I lived myself near Staunton, when a child; and was often in company with this same Mrs. Reed; who was then an old woman, and a widow; she had a sister, Mrs. Burnes, also a widow, whom I used to know; and who tiful val- is still alive, though she does not live in Staunton; she and con- is two years younger than Mrs. Reed. Mrs. Burnes offices, a when I knew her, kept a tavern, the best one in Staune, three ton. I was likewise acquainted with Mrs. Chambers, lists, and at whose tavern I now am. It is thirty-six years since quares in I saw Mrs. Chambers, but I did not find her so much streets. altered by time, as Mrs. Callahan; although she has ing-hous had as many children, she had shrunk down a little, and had grown corpulent, but her stature, her eyes particularly, retained much of her former likeness. She was, emigrant when young, a very handsome woman, and is still so for who built her years. Of all parts of the United States, Augusta tands, on county must be the most healthy, from the longevity of its inhabitants. Besides the two instances above cited, many others exist. The mother of Mrs. Chambers, rived; a who was a very old woman (upwards of seventy) when e cabins I left Augusta, thirty-six years ago, has been dead (as Id (not of her daughter informed me) only five years. She had se partic become in every respect like an infant, for several years. Cunning The salubrity of the climate is abundantly displayed in and, al the appearance of the inhabitants. From this cause, the he retains fertility of the soil, and numerous streams of the purest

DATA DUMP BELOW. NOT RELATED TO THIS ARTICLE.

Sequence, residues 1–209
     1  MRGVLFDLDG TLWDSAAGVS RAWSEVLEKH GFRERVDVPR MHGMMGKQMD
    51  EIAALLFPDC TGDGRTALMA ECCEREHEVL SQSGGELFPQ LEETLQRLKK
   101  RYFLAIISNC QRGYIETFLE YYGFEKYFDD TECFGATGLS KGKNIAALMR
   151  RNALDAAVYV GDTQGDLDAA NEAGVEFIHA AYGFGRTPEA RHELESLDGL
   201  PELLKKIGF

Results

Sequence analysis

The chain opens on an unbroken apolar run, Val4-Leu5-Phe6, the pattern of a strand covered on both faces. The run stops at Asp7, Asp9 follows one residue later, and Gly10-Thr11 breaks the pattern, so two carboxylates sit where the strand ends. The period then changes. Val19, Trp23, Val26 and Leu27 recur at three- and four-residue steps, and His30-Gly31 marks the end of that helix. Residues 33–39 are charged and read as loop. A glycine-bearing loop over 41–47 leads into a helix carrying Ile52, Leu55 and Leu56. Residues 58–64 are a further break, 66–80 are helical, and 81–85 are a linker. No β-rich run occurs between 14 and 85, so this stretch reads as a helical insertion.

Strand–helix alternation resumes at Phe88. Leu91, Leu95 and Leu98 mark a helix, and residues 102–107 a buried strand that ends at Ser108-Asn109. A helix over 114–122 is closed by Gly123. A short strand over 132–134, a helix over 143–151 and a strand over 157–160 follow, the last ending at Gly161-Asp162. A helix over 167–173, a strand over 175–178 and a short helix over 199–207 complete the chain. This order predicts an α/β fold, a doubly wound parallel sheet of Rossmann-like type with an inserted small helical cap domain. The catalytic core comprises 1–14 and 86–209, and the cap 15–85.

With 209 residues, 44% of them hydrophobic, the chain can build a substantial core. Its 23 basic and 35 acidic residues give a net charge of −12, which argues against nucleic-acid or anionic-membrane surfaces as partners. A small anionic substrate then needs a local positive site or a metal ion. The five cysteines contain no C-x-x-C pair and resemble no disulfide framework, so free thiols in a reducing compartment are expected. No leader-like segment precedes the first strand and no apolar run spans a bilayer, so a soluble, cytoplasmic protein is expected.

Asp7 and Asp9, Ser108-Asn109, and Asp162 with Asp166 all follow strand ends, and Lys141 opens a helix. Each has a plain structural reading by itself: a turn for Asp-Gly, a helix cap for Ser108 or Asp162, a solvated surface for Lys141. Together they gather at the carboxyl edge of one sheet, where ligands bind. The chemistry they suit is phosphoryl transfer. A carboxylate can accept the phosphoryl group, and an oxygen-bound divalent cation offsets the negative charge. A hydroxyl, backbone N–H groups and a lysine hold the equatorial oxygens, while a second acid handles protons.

[ocr errors]

the year ouse and

water, may be ascribed that exuberance of nature every where visible. Every thing seems to be propelled beyond nature; the people, horses, and cattle, as well as inanimate productions, are of great size. Even the Af rican race are overgrown, and look as though they would burst. Staunton is situated in a circular hollow, or low spot of ground, entirely surrounded by hills. In approaching it from any direction, the traveller never secs it till he may be said to be in the town. No town in the world can boust better water, or more abundant, than Staunton. The most beautiful springs burst out in every part: they are found in every street, and almost in every lot. This contributes greatly to the health and cleanliness of the place. Staunton is inhabited by a sober, industrious, and moral people; it is likewise the seat of some retinement; some of the first men, both for talents and erudition, have their residence in Staunton.

Among these are Major Shelly, Judge Brown, Judge Stewart, Major Baldwin, Mr. Peyton, and Chapman Johnston. Staunton, however, has not improved latterly, in proportion to that success which marked the first twenty years of its growth. It received a great check by those enterprising merchants west of it, some of whom have been mentioned in these sketches. Provious to this, Staunton drew all the trade of the wost, which was considerable. It has no market-house, nor has it either watch or patrol, although it is an incorporated town.

This town, and the whole county of Augusta, is famous in history for its courage and patriotism during the revolutionry war: the most of the people volunteered their services, both against the Indians and the British. It will be recollected the Virginia legislature was drove from place to place, during that war, until it finally took refuge in Staunton. While it was in session there, word came one night, that Tarleton, with a British force, was approaching, and that he was expected to arrive at the Rockfish gap by ten o'clock next day. Colonel Samuel Lewis, (son of Gen. Lewis, already mentioned,) called about midnight at the house of his uncle, William Lew is, late of the Sweet Springs, who then lived about a

qua wh



rep qui


(me whe San bo:




and! tain der

the with











ed, t

to th

the WOO

tain The


a m He

Virg Juli

every ed be